Top junior welterweight prospect Richardson Hitchens braced for Algenis Mendez test
Rising junior welterweight prospect Richardson Hitchens will face veteran Algenis Mendez at the Mohegan Sun Casino in Uncasville, Connecticut on Saturday.
Hitchens (11-0, 5 knockouts) is excited at the prospect of meeting the former junior lightweight titleholder.
“He’s definitely a step up in competition,” Hitchens told The Ring. “I think it’s the perfect time, the perfect opportunity, the perfect opponent for me to showcase that I belong with the best at 140.
“He’s gonna make me bring out my boxing IQ and show the world how smart, crafty and educated I am. I think he should be the opponent to show everybody what I bring to the table.”
The 23-year-old Brooklyn resident appreciates that he’ll have to take his time with Mendez and clearly respects his skills.
“I think he’s a good counterpuncher,” said Hitchens. “He’s very relaxed in the ring, very savvy and slick, he’s a good boxer. He does a lot of things right, but I think everything he does right, I do better than him. I think the main thing I’m going to have over him is my smarts.”
Hitchens was able to spend some quality time with his promoter, Floyd Mayweather Jr., at the Mayweather Boxing Club in Las Vegas during the pandemic.
“He was training me for a good amount of time,” Hitchens explained. “[Floyd] was real hands on with me, he was showing me different things to incorporate into my game. My tools are sharp.”
Hitchens is confident that he is more than capable of mixing it up with the best at 140 pounds right now.
“It’s a very deep division,” he acknowledged. “I want my name to be stamped as the best at 140, that’s what I’m going for. I can’t slack on my game because everybody’s gunning for that top spot. It’s just about who wants it the most. I think I want it the most. Time will tell.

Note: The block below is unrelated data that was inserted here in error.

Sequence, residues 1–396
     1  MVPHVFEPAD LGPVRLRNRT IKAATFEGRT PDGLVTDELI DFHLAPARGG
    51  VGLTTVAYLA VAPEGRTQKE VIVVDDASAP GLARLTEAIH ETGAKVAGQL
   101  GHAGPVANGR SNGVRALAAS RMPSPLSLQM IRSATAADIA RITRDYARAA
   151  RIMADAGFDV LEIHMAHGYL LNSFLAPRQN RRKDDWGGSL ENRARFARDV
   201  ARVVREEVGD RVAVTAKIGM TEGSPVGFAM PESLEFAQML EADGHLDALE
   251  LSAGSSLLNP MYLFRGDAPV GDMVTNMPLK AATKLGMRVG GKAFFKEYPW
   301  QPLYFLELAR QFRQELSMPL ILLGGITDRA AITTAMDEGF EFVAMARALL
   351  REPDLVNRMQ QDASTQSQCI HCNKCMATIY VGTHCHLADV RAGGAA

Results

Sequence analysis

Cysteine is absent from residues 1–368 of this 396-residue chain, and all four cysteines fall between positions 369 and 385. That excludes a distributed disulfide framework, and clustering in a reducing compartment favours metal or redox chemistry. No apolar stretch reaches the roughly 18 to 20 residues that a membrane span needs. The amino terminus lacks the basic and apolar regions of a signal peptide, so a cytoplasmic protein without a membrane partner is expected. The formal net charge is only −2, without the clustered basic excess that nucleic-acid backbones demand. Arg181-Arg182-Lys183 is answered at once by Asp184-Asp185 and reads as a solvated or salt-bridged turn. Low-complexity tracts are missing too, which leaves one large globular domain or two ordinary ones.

“I think at my age to be taking about competition like this with such little experience in the professional ranks is a testament to my skills.”
And Hitchens has aspirations that go way beyond conquering Mendez.
“You’re going to see a sharpshooting boxer who is on a whole different level,” he said. “I think I set myself apart from just about every boxer. I’m think I’m among the best – the Canelos, the Terence Crawfords – I think I can share the ring with the best in boxing. It’s just getting the experience and proving myself each and every time I go out there.
“I’m not just looking for a victory, I want to prove I’m one of the very best in boxing and it’s going to start with Algenis Mendez. After that we’re going to look for a world championship, but I’ve got to focus on Saturday.”
Mayweather Promotions CEO Leonard Ellerbe believes the sky is the limit for his young fighter.
“Richardson Hitchins is one of the top young fighters in the sport,” said Ellerbe. “He has a lot of potential and a promising future ahead. I believe he will become a world champion in multiple divisions and his first opportunity isn’t far away.”
Mendez was an experienced amateur who fought at the 2004 Olympics and 2005 World Championships before turning professional in 2006. The Dominican-born fighter dropped a unanimous decision to then-IBF 130-pound titleholder Juan Carlos Salgado before winning the rematch in decisive fashion (KO 4). He lost the title to Rances Barthelemy (UD 12).
Mendez then elected to move up. At lightweight, wins over former IBF titleholder Miguel Vazquez (UD 10) and long-time contender Ivan Redkach (SD 10) bookended losses to Robert Easter Jr. (TKO 5) and Luke Campbell (UD 12). The 34-year-old then moved north again to junior welterweight, where he’s gone 1-0-2 against solid opponents in Eddie Ramirez (UD 10), Anthony Peterson (D 10) and Juan Heraldez (D 10) to take his record to 25-5-3 (12 KOs).
The Showtime telecast will be headlined by Chris Colbert-Jaime Arboleda and will also include Ronald Ellis vs. Matt Korobov. The broadcast will begin at 9 p.m. ET/ 6 p.m. PT.
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